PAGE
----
Wine region Alsace – my first working experience

Wine naming in France

Weinbaugebiete-frankreich-elsass_Quelle wikipedia

Wine region Alsace, France.

In most parts of France, wines are always named after the regions they come from. What does this mean, exactly? You have probably heard about a Bordeaux, a Médoc or a Chablis wine. Well, these wines are all named after the regions they come from and not after the grapes these wines are made of. So, a Bordeaux usually exists of different grape varieties, such as Merlot, Cabernet Sauvignon and Cabernet Franc. A Chablis, a region in northern Burgundy, is usually a white wine made out of the Chardonnay grape. The same system, by the way, applies to Italy and Spain.

But in Alsace, it’s the grape, baby!

However, in the wine region Alsace we don’t encounter what is typical for the rest of France. Here, wines are named after the grape varieties they are made of. This little odditiy can be explained through the closeness to Germany, where wines are typically named after their grape variety and not the region. In Alsace you therefore get a Riesling, a Pinot Gris, a Pinot Noir. Speaking of Pinot Noir, I should also mention that red wines form the exception in Alsace  since red wine production only constitutes 10% of Alsace’s total wine production. The remaining 90% are all about white wine. Of those 10% red grapes not even all are used for red wine production. A lot of the Pinot Noir goes to the production of the Rosé Crémant and some of it goes to the production of the Crémant Alsace. Yes, a red grape can be made into a white wine, it is then called „Blanc de Noir“.


Looking down to Westhoffen, Northern Alsace

Living by the rules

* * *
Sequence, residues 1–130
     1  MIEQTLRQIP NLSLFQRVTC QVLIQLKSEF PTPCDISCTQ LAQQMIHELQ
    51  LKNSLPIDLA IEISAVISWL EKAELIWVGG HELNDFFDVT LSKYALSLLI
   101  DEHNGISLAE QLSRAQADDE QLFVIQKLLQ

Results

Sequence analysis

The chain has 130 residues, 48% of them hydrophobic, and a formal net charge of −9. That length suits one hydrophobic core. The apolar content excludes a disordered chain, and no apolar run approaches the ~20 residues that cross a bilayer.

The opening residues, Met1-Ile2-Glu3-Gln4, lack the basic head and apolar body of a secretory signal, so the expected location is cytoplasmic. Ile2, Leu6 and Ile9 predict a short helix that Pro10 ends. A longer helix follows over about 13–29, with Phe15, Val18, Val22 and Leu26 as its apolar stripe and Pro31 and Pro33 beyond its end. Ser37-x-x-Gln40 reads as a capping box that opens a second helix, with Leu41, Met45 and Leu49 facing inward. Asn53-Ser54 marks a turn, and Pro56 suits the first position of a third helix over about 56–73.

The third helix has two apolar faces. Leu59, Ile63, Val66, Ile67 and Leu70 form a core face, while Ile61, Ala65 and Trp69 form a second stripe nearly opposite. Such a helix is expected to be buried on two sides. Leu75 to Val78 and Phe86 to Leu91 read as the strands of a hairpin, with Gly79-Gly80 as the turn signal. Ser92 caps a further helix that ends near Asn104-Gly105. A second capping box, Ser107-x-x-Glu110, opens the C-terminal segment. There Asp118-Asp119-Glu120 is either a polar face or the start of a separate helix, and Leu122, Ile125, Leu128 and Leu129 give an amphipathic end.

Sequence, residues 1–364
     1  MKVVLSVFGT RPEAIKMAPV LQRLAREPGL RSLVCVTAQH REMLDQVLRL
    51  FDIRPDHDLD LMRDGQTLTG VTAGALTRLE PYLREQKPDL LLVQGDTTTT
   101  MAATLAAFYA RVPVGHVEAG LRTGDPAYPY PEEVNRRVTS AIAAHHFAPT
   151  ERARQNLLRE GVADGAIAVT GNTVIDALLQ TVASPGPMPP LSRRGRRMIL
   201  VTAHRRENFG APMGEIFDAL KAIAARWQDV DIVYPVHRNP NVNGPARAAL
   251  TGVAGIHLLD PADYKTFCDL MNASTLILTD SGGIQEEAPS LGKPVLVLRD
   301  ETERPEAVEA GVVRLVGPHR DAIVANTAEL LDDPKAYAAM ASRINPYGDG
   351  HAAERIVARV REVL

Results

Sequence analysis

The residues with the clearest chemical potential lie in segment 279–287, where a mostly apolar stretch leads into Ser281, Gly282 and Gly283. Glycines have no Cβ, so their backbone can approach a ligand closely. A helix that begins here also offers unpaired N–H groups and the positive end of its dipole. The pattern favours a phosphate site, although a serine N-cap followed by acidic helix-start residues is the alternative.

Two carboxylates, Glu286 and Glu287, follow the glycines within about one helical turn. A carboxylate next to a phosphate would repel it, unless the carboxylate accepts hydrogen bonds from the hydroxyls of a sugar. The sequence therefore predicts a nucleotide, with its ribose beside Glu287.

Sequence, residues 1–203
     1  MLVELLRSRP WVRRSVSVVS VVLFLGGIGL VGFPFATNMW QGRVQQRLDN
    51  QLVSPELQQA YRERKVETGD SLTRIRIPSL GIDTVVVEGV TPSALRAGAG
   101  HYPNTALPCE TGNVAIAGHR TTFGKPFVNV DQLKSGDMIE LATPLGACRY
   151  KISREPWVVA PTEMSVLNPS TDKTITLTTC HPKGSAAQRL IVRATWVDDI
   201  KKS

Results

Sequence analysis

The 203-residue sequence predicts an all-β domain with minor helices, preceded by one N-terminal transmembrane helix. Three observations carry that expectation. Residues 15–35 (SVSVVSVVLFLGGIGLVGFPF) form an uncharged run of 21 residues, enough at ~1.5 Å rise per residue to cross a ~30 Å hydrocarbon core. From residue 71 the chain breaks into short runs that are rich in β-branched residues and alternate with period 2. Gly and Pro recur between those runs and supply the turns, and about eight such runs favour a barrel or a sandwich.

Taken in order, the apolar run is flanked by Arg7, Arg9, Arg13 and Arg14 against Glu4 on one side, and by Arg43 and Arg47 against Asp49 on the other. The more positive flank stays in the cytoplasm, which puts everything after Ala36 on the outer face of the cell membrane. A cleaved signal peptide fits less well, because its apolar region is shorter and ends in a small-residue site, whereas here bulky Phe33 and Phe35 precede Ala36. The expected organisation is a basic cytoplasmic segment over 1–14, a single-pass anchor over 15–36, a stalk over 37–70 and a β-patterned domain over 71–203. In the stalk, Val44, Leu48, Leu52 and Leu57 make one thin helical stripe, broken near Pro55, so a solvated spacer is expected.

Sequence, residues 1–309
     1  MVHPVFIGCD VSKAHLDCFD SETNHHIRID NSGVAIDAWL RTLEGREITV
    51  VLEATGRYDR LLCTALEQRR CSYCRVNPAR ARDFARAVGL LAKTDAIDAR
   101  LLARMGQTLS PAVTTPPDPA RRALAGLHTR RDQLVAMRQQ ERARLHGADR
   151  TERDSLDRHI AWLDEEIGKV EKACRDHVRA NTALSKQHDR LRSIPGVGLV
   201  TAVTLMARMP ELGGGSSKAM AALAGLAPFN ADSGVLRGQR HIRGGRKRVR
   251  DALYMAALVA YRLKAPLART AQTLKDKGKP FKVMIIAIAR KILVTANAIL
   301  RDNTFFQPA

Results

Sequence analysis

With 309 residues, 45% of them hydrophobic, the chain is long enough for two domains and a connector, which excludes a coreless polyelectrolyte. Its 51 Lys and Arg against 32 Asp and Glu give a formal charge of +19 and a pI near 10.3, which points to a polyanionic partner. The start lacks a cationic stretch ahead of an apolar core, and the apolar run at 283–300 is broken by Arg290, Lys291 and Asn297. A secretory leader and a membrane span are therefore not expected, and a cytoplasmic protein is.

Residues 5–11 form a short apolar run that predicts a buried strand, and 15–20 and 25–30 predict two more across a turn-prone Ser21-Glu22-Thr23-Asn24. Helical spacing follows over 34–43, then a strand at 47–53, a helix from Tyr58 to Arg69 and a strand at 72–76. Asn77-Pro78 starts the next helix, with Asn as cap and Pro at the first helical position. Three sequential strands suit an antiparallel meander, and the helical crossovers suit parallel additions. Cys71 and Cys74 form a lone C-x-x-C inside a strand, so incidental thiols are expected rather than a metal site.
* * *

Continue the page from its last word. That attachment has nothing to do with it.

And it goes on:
Wine production in Alsace, as in the rest of France, is tightly regulated. There are only seven varieties that one is allowed to grow and produce into wine that calls itself Alsacian wine. These are:  Riesling, Gewürztraminer, Muscat, Pinot Gris, Pinot Blanc, Sylvaner and the only red grape variety Pinot Noir. For the renown Crémant Alsace a similar regulation exists: you can only make Crémant out of certain varieties, namely those seven already mentioned and also Auxerrois and Chardonnay. These last two varieties are only allowed for Crémant making and not for any other type of wine. It’s a little complicated but I hope you get it.

Goodbye Sylvaner, hello Riesling!

As far as I know, Alsace is the only Riesling growing area in France. It is home to some wonderful Rieslings that exhibit their various terroirs. More and more wine growers follow the terroir philosophy and grow Riesling at specifically designated sites which they believe are most adventagous for the development of great and terroir specific flavours. Many wine growers therefore switch to biodynamic or organic wine growing in order to extract the most natural flavours possible. Also, with the global demand for Riesling many Alsace wine growers replace Sylvaner with Riesling. Sylvaner is therefore receding in Alsace.

Now, lets talk business: Getting my hands green and dirty

Daniel dünnt ausOn the first day of my work experience we went into the vineyard to thin out the vines. This means we removed big leaves that were blocking the sunlight from the grapes. Without the leaves, grapes are more exposed to sunlight and the wind. It makes them ripen quicker and the wind provides a welcome breeze. We thinned out for hours and it was quite good fun.


Thinning out the grapes.

Next day was pretty much the same. Again, we spent hours in the vineyard but time just seemed to fly. I didn’t mind this type of work at all, I actually quite liked it. I felt like I was freeing the little grapes from darkness and brought them into the light! What I liked most was talking to Daniel, the wine maker, he explained to me how a vineyard works, where vines come from, how organic wine growing works and much more.


It was amazing to see the soil of vineyards nearby that were not organically worked. Such a big difference. But here, see for yourself:


On the right organic wine growing, the ground is covered with grass. On the left convential wine growing, no grass.

I am happy and thankful that I can experience the beautiful wine region Alsace and learn so much about wine. Working in the vineyard makes me appreciate each glass so much more and above all, it makes me appreciate the work of the individual wine growers even more. They really have a passion for what they do and strive in so many ways to always improve the quality. My next post will be on the wine estate I am visiting, so watch out fot it! Thanks for reading and cheers!

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